“Evil” is such an embarrassing word. It’s so… judgmental. So holier-than-thou. Remember how embarrassed Liberals were when Pres. Reagan referred to the Soviet Union as an “evil empire” and how they howled when Pres. Bush labelled Iran, Iraq, and North Korea the “axis of evil”? But if we can’t call evil what it is, how will we be able to recognize it when it appears, whether in the form of flying airplanes into skyscrapers or gunning down 14 people going about their daily business on a military post?
The short answer: we can’t. We overlook it. We pass the buck. We pretend it doesn’t exist. We willfully misunderstand its intent. We use euphemisms to avoid the “E” word. And then we pay the price.
The Senate has just released its report on the 2009 Ft. Hood massacre. Entitled “A Ticking Time Bomb: Counterterrorism Lessons from the U.S. Government’s Failure to Prevent the Fort Hood Attack,” the report is a scathing indictment of the lack of preparedness inside the Department of Defense and the FBI to deal with problems like this. Authors Sen. Joe Lieberman and Sen. Susan Collins conclude that once again, lack of communication, the passing of the buck, and failure of imagination all combined in an attack that left 14 dead and, at least momentarily, horrified the nation.
“The Fort Hood massacre could have and should have been prevented,” Lieberman said, adding that Hasan was a “ticking time bomb.” Evidence of Hasan’s radicalization, Lieberman said, “[j]ust shouts out ‘stop this guy before he kills somebody.'”
Appearing alongside Lieberman, ranking committee member Susan Collins (R-Maine), said the investigation dispels the Obama administration’s early argument that legal restrictions had prevented the FBI from thoroughly investigating Hasan before the shootings. She also said no such restrictions barred agencies from sharing information about Hasan. [emphasis mine]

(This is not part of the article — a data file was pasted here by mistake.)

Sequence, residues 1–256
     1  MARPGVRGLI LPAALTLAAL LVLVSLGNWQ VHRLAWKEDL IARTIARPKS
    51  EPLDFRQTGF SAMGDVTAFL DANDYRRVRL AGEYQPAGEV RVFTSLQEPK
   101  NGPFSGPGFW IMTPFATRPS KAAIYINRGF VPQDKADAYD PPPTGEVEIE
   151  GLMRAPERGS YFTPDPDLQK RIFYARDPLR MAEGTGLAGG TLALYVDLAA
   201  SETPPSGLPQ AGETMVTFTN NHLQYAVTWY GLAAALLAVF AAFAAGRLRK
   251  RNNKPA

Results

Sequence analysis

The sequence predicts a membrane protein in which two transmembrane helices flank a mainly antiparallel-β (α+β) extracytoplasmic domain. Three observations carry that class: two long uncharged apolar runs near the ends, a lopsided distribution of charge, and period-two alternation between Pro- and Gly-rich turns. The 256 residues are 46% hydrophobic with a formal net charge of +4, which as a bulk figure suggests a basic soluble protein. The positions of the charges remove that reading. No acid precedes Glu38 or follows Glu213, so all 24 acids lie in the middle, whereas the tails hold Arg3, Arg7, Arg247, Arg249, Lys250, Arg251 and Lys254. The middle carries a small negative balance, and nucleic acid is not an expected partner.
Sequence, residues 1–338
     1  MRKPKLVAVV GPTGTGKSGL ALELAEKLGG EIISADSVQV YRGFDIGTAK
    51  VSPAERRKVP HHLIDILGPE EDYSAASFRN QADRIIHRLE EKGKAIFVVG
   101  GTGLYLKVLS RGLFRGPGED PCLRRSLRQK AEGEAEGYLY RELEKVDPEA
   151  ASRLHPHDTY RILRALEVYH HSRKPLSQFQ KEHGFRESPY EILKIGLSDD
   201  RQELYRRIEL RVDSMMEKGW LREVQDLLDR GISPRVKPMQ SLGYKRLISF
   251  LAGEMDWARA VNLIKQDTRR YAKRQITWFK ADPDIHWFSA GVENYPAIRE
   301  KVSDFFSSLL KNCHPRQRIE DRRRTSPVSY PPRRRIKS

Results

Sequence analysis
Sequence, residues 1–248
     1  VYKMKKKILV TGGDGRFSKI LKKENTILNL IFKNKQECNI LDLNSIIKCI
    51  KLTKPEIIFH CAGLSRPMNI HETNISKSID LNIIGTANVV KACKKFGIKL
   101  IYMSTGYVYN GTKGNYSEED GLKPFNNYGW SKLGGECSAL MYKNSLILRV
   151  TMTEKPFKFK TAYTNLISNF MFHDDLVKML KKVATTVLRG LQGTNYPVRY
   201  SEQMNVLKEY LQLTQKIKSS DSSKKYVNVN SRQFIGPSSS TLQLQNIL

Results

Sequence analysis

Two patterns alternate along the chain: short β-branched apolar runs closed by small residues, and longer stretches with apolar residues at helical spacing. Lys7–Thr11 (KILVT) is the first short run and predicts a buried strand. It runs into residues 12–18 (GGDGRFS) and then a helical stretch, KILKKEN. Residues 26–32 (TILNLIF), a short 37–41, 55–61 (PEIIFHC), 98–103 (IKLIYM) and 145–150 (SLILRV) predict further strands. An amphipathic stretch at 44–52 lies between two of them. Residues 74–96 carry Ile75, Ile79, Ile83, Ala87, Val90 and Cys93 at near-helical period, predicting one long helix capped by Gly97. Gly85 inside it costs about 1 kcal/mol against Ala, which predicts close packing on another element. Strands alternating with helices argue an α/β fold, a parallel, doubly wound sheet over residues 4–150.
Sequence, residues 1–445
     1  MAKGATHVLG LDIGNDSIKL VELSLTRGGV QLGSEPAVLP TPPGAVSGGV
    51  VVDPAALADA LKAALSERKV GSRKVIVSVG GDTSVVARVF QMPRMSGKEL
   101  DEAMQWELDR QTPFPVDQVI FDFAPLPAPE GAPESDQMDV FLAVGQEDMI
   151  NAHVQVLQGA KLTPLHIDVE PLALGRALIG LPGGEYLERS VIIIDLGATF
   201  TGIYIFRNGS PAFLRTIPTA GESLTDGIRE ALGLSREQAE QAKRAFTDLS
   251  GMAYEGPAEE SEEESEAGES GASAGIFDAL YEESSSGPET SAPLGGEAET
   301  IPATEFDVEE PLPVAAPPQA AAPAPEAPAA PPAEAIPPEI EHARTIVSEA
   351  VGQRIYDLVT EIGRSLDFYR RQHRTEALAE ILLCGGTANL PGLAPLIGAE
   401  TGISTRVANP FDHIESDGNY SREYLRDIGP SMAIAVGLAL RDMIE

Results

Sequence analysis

Of course, it doesn’t help when our leaders insist on misleading the world by using euphemisms and, as Roger Simon pointed out, euphemisms of euphemisms about the enemy we are fighting, both overseas as well as at home. And the report rightfully points this out and comes to the conclusion:
“This confirms our concern that DoD, by continuing to avoid the necessity of addressing violent Islamist extremism directly and without ambiguity, is sending a message to the entire military to do the same. It will be more difficult for the military to develop effective approaches to countering violent lslamist extremism if the identity and nature of the enemy cannot be labeled accurately.” [emphasis mine]
Are “extremists”, “man-caused disasters” and “overseas contingency operations” actually accurate labels of our enemies and our activity around the world? No, of course they are not. But if we want to avoid more “incidents” like “Fort Hood”, we’d all better start calling a spade a spade.